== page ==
Bobbing back and forth while CONTINUALLY RIDING THE WAVES OF SUCCESS, POST FALLS BASED STANCRAFT, HAS MANAGED TO WEATHER THE VOLATILE AND CHANGING PLEASURE BOAT MARKET.
By producing quality hand CRAFTED WOODEN BOATS. CURRENTLY CELEBRATING ITS 75TH ANNIVERSARY, STANCRAFT BEGAN BY MAKING ITS MARK ON FLATHEAD LAKE IN MONTANA IN 1933,.
Company founder, stan young BEGAN BUILDING A BUSINESS THAT HE WOULD LATER PASS ON TO HIS SON SYD. WHEN MY DAD STARTED RIGHT OUT OF HIGH SCHOOL IN 1933 HE HAD.
A natural genius for the boats AND HE WAS A CAPABLE BUILDER AND DESIGNER SO HIS DAD MY GRANDPA HELPED HIM BUILD A BOAT SHOP OUT OVER THE WATER IN FLATHEAD LAKE IN THE EARLY.
30s and that’s where he STARTED YOU KNOW THEY WERE JUST BUILDING RUNABOUTS, PROBABLY FROM 33 UNTIL THE WAR BROKE OUT. AND AT THAT POINT EVERYBODY.
Shut down because you couldn’t BUY LUMBER ANYMORE THE WHOLE THING WAS WORLD WAR II. STANLEY CAME BACK AFTER THE WAR AND THE NEXT 20 YEARS OR SO STANCRAFT WAS WHERE THEY.
Built a great deal of the STANCRAFTS AROUND TODAY. I GREW UP IN THE BUSINESS I WAS BORN INTO IT AS A LITTLE KID I WAS DOWN AT THE SHOP SEEMED LIKE A FUN PLACE TO BE.
And i don’t think i had a TERRIBLY LARGE INTEREST IN THE DESIGN PROCESS UNTIL ABOUT 25 YEARS AGO, I HAD BEEN AROUND IT WORKED BESIDE MY DAD ON OCCASION WHERE I COULD WATCH.
HowTo Tear Down Chevy 350 Small Block Engine Motorz 63
I’m chris duke and today on motorz we’re tearing down our chevy small block to get it ready for rebuild. Presented by AMP Research. For the past four seasons of Motorz, we’ve shown you how to modify the suspension for both cars and trucks improve your vehicles performance by showing you how to install everything from an air intake.
All the way up to a supercharger. add a ton of aftermarket accessories and maintain your vehicle, but one thing we’ve yet to touch is the heart of it all. The show is called Motorz afterall so it’s about time we started working on one of these things. We picked up this old Chevy 350 small block V8 engine online, for under $100. Now the great thing about working on an engine like this is that it is very common, really cheap, they’re easy to work on.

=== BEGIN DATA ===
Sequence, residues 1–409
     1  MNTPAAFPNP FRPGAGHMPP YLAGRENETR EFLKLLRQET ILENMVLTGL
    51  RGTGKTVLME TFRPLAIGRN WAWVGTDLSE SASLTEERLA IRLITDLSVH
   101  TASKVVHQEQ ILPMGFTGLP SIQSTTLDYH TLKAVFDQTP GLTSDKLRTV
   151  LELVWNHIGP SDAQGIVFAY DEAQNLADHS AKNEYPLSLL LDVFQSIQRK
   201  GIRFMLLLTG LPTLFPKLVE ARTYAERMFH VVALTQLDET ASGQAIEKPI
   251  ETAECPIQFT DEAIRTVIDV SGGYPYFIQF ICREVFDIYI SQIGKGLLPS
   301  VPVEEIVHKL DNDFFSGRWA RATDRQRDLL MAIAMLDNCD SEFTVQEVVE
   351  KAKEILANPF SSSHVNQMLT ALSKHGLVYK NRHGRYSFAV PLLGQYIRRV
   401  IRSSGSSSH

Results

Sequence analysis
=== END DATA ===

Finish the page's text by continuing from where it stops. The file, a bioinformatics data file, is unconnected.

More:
Plus there is a lot of parts and information available on them when shopping for an old vehicle to rebuild the biggest question is whether or not the frame is straight, similarily when shopping for an old engine the biggest question is whether or not the block is usable. Now whether you saw the engine running and then pulled it out of the vehicle, or pulled it out a junkyard, the only way to truely know if the block is usable is by breaking it down and taking a closer look at the block itself.
Over the course of several episodes this season we’re going to show you how to rebuild an engine on a budget that performs well on pump gas. On todays episode we’re going to show you how to tear down this Chevy 350 engine and what to look for along the way, before we head off to our local machine shop to get it all cleaned up So what do we know about this engine already? Well, we pulled it out of a 1969 Chevy pickup, but we really have no idea if that was the original vehicle.
For this engine. the previous owner told us that it has a blown head gasket so we’re already expecting some trouble from this 350, but the price was right, so it’s worth a shot. It goes without saying that you’re going to need an engine stand, some basic wrenches and sockets, and an engine hoist. You can rent an engine hoist for the day like we did, and you can pickup an engine stand for around $100 Try to get one that exceeds the weight of your engine, ours is rated at 1500 lbs.
And one that rotates 360 degrees. upon initial inspection we can already tell that it has some aftermarket parts added such as the valve covers and the intake manifold, so we can assume other modifications have been made to this engine we really won’t know more though until we start ripping it apart. But before we start the disassembly of our engine we can look at the casting numbers which are in plain sight, although there might be a bit of grease and grime in the way. Now if you have trouble.
Reading them, even after cleaning them off with some brake clean, try smearing some paint over the top of the numbers. Now right here located on the front of the engine are the letters and numbers, V0325CMR, the V tells us it was made in Flint Michigan, the 03 indicates the month, the 25 is the day, so we know it was manufacturered on March 25th the suffix code CMR tells us the engine was made for either a.
1974 or 1978 chevy, based on this information alone we can already determine that this engine wasn’t the original engine in the 1969 truck we pulled it out of. Digging a little deeper on the back of the engine we found a casting number of ‘70010, again looking online we found that this number is associated with a 327 from 1968, since this is a 350 we can ignore that one, but that number.